I don’t require my blog readers to register to read or comment, and I removed any visible links for registration or administration at the time I started the blog. So it was definitely a scary thing to receive an email claiming a New User Registration from an email address I did not recognize. I hoped it was just a spammy thing, and not a hacker-y thing. I deleted the new user, changed my administrator password, used phpMyAdmin to make sure there was nothing awry in the database (there wasn’t) and went off in search of more information.
Turns out that I was in very little danger since my WordPress General settings did not set new users to Editor or Administrator. These mystery registrations have been hitting a number of WordPress installations via bots searching for the usual address of the registration page. The WordPress forums address the issue:
If you, too, were visited by this bot:
1. Go to General Settings.
2. Under Membership, uncheck Anyone can register.
3. Under New User Default Role, select Subscriber (Subscribers cannot post to or make edits to your blog).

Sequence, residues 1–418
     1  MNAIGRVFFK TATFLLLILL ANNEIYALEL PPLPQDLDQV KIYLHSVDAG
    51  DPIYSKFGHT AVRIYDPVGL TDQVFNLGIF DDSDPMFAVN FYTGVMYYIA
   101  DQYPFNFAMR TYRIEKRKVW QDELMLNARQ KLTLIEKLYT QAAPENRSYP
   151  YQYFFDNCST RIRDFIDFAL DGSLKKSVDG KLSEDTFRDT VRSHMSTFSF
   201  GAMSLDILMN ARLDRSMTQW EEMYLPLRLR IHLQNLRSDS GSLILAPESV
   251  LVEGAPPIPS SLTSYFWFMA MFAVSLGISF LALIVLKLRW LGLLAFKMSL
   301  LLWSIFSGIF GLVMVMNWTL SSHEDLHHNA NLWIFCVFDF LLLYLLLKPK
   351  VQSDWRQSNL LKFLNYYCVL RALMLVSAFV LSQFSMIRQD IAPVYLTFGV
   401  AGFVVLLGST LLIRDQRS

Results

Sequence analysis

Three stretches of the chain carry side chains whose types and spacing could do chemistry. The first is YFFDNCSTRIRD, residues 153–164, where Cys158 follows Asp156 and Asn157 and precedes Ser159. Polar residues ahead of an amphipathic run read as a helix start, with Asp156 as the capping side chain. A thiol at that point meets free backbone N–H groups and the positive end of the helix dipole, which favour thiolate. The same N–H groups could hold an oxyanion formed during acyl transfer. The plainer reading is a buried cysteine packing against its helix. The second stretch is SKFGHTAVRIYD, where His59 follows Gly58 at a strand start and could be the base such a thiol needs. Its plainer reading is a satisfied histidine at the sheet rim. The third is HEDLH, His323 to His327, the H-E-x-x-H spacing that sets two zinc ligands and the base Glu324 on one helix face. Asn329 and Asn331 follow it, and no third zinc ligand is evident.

4. Go to Users and delete the unwanted user.
5. Go to Your Profile and change your password.
6. Go to phpMyAdmin at your host and check the wp-users table to make sure there are no unwanted entries there.
This happened right after returning home from another potentially scary experience. I used to have my hair done at the beauty colleges all the time during high school, college, and right after. I haven’t done that for a very long time, and I’m not even sure why. My worst hair experience was not at the hands of a student, but at a salon with some good recommendations from friends and acquaintances. This was in the early 80s, and I fell victim to an overly curly perm.
I never returned to that particular salon, but I didn’t go back to the beauty college either, until tonight. I went to the beauty college near my house that is affiliated with a salon that I have visited fairly often with good results. I don’t like color surprises, so I usually bring a copy of the formula for my favorite color. I had a bad moment upon learning that even though the salon uses that brand of color, their associated school does not. I almost considered bailing at that point, but the stylist and her instructor showed me how they would get to “my” color and it was pretty convincing, so I stayed.
This story has a happy ending that is not scary at all. The cut is good, the color is great. My stylist was a woman about my age working on a midlife career change. I enjoyed chatting with her. I still have money in my wallet. The total cost was about a third of what I would have paid at the salon. If I’d started doing this sooner, maybe I could have bought the MacBook Pro instead of the cheaper MacBook after all!
(NaBloPoMo | April ’10: 13 of 30)